I have often wondered about this phenomenon, which I get too, especially sailing, where you can be very busy for hours and forget to drink and then go off watch and go crazy on the water or, worse yet, finish the race and hit the bar. I think this also has to do with lagging repletion and signaling, but I need to refresh my rusty physiology and think about it.
I used to date a lady whose sense of thirst just didn't work at all. I don't know how that's possible, evening would roll around and she's realize the only thing she drank all day was a cup of coffee. Must have been pretty bad for her. This phenomenon where your body takes a while to turn the thirst down after you start replenishing ... I'll take it. 🙂
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Old 08-17-19, 07:40 PM
  #89  
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I ran out of water today, about 20 miles from the car. Expected to be able to get more along the way, I went through a little town with no store. Go figure.

I drank a gallon of iced electrolyte water on the drive home. And a 24 ounce iced latte.

I'd prefer not to do that again.
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Old 08-19-19, 12:26 AM
  #90  
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I've been using creatine starting the day before a long summer ride, based on the theory that it helps retain water. Might have helped Saturday. I carried two 24 oz bottles for a 50 mile group ride (60 by the time I got home) and ran out at 40, which was the first convenience store we came across. Other folks were also running out of water about the same time. I chugged a 16 oz can of iced coffee, refilled both bottles with whatever cold sports drinks they had in the store.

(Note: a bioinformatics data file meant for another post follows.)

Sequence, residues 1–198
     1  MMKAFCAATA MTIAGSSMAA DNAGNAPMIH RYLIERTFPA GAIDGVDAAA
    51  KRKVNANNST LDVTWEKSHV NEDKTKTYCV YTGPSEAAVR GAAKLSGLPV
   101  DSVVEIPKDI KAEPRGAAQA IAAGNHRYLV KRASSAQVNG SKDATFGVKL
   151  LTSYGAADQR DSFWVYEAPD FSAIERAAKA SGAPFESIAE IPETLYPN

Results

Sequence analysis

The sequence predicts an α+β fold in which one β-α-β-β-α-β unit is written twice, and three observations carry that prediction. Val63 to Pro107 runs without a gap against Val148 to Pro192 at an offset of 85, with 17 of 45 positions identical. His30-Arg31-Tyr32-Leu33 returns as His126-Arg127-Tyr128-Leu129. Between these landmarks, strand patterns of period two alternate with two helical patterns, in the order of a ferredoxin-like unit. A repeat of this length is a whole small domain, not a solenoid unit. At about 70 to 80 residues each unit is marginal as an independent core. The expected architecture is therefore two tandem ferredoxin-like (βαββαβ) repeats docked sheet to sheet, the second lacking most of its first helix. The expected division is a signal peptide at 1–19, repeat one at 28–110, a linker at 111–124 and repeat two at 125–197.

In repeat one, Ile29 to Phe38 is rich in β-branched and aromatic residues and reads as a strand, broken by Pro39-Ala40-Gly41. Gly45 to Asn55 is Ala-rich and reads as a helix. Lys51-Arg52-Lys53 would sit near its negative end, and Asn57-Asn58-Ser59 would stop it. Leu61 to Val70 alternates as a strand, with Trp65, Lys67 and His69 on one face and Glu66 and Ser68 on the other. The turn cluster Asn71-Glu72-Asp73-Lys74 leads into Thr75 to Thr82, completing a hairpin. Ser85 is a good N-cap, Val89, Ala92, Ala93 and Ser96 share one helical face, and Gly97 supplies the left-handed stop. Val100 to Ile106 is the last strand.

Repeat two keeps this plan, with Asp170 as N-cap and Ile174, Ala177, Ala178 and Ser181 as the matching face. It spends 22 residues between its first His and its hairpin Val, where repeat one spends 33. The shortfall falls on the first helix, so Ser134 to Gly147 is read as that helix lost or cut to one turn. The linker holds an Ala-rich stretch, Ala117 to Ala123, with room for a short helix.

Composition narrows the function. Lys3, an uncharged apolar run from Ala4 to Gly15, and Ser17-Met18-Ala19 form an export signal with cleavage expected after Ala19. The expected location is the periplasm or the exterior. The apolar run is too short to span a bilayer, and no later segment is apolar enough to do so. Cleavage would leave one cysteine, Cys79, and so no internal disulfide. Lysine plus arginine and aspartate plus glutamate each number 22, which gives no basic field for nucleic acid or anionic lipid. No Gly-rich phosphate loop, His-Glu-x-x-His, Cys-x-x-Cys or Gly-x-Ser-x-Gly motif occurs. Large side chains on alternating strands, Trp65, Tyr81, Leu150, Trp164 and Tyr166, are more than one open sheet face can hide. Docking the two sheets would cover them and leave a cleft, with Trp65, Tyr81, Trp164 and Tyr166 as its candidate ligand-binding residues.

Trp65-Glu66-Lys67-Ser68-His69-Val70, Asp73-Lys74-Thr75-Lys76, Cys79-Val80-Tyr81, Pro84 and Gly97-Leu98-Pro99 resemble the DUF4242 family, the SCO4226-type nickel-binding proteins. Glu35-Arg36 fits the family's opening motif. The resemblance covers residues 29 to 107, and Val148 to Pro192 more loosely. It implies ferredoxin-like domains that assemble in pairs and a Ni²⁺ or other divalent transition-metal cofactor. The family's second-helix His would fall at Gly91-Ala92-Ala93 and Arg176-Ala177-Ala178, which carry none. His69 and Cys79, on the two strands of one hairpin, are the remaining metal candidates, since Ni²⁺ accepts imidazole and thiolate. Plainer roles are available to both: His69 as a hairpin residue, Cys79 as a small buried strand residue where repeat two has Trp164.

My legs were pretty dead by the time I got home but was otherwise okay. I'd ridden 70 miles in the heat a couple of days earlier, which was the main reason my legs nearly quit about 3 miles from home. After breaking off from the group I just slowed down to 10 mph and coasted every opportunity.

But it seemed like pushing my luck. I wasn't familiar with this group's training route and didn't realize it would be 40 miles to the first convenience store. Next ride I'll go back to my usual summer practice of taking a third bottle -- usually a collapsible Mylar pouch with frozen electrolyte mix. Fits my middle jersey pocket, and is thawed by the time the two frame mounted bottles are empty. I can see why one of the group wore a Camelbak backpack. He may have been the only one who wasn't out of water by that point.
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Old 08-19-19, 08:24 AM
  #91  
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Since this is the hydration/dehydration thread, should we talk about something that happens to us/goes along with hydration/dehydration in the steamy/more humid regions of the country? I'm talking about prickly heat. Should we talk about that here or start another thread?